Every parent’s goal is to keep their kids safe at all times. Yes, you’ve child-proofed your home, but what about your car? Did you know that even objects intended to keep them safe while on the go could actually pose risks? Take for instance, this mum who watched in horror as her baby car seat burned because of a safety mirror.
Baby car seat burned because of sunlight reflected by a safety mirror
Amanda DeAngelis, a mum from Texas, shared a warning to fellow parents about the possible dangers of products – car seats, and safety mirrors in particular – that are designed to keep our little ones safe.
“This is my baby’s car seat, smoking because there is a mirror on the back of the seat so I can see her. I just took her out of the seat and smelled smoke and saw the smoke coming up,” she says in the video, adding how it was burned “by the sun’s reflection into the car seat.”
She went on to express her relief that she made a two-second stop at that precise moment. In a series of photos and a video clip which she shared, you can clearly see that the seat’s fabric is burning.
‘”I was rushing home and didn’t sit in my seat checking emails and responding to texts like I typically do it Mila is sleeping,” she writes in the post’s caption. “I’ve [used] car seats with mirrors with all my kids—never have I experienced this! Scary!”
Some were grateful to learn how the baby car seat burned accidentally, while others criticised the mum
Image source: Amanda Kenny DeAngelis Facebook post
“I’m not placing blame or trying to start arguments… just trying to make other[s] informed this is a possibility,” she clarifies in the post, which has been shared over 82,000 times on Facebook. “Never did it occur to me it would reflect and happen so quickly. Do with this information what you will – just don’t judge!”
Though Amanda had good intentions in sharing her experience, not all were pleased with the post.
Some expressed their gratitude for the warning, like one mum who wrote: “You know I too had a mirror facing my child so I can see them in my rear view mirror. So many women with babies did the same. I never ever even thought it would act like a magnifying glass. Thank you for info, glad your little one is ok.”
But others were quick to shame DeAngelis. Some netizens said it was her fault for placing the mirror the wrong way.
“It’s not really the manufacturers’ fault. This is a user error,” wrote one commenter.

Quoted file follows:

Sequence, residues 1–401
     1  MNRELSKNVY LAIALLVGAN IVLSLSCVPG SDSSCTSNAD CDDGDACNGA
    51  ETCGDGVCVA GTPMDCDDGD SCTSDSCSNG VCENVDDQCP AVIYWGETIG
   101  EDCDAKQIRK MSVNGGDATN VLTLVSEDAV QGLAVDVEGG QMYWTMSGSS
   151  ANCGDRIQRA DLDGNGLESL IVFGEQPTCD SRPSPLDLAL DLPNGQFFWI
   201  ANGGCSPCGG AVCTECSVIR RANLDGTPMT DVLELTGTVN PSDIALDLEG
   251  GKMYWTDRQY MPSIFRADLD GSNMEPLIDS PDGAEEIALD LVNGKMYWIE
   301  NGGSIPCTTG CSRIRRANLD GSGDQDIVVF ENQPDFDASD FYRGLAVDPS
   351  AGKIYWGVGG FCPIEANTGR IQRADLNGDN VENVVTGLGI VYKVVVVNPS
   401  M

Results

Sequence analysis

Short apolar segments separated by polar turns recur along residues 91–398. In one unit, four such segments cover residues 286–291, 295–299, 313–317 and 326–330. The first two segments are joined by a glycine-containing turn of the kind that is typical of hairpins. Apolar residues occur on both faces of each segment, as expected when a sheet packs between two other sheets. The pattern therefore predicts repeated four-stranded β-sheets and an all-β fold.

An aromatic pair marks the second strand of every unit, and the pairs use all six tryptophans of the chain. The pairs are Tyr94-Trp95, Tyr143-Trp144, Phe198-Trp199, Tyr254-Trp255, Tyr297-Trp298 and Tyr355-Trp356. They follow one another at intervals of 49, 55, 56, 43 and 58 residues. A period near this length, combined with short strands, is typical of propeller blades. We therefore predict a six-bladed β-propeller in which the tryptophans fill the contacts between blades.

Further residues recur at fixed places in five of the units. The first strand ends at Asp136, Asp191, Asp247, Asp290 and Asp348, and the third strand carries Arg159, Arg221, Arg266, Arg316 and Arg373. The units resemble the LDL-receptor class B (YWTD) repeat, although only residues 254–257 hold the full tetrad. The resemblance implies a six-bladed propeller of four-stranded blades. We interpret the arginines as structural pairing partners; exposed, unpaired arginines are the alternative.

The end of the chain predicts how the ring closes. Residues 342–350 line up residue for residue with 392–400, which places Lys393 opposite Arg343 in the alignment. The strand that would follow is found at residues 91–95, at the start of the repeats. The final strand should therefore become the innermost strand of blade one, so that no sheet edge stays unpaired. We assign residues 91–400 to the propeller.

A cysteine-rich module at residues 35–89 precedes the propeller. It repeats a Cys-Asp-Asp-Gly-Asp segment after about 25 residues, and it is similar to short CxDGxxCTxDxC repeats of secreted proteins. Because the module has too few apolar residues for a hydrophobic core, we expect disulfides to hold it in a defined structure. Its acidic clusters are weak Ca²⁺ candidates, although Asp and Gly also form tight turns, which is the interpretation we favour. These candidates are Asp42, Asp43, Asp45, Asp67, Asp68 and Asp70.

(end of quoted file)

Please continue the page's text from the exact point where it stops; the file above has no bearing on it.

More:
Baby car seat burned: Manufacturer or user error?
“Britax corporate responded to me immediately (within 20 minutes),” Amanda clarified in a follow-up post, after receiving criticism from fellow parents. “I’ve called Eddie Bauer (the mirror manufacturer) daily and left messages with the situation. They have not responded. I will keep trying them.”
“This post is stupid,” another wrote, “the only problem is the woman using the equipment improperly. You have to have enough common sense not to park where the sun can burn your baby.”
Others advised the mum to simply be careful where she parks, since this is a natural occurrence.
How can you make sure your safety mirror is truly safe?
However you feel about this mum’s warning, it never hurts to be extra careful, especially when it comes to your child’s safety in the car.
As one commenter wrote: “The mirror is supposed to be attached to the seat and pointing downward.”
So how should you secure and fasten a car safety mirror? Watch the instructional video below.
Car seat safety in Singapore
Another extremely important child safety feature in vehicles is your little one’s car seat.
A report by the Straits Times in September 2017 claims that a mere 6% of children in Singapore are restrained properly while inside motor vehicles. This is an alarming statistic, especially considering the number of accidents that happen each year.
Though the number of fatal road accidents decreased by 7.6% in the first half of 2017 as compared to the same period in 2016, there is still room for improvement. It should be noted, however, that these accidents aren’t all the result of poor car seat safety.
According to Singapore’s Road Traffic Act, children under 1.35m in height are required by law to be secured in a proper car safety restraint.
Private-hire cars – Uber and Grab – are also required to carry car seats and booster seats for infants and children. However, this law has yet to be expanded to include taxis and buses. What’s more, parents might find it a hassle to lug around a car seat when they are taking public transport.
Do you use a car seat? What do you think about this mum’s well-meaning but misunderstood warning?
Sources: Singapore Police Force, The Straits Times
READ THIS ALSO: Car seat rules in Singapore – What parents should know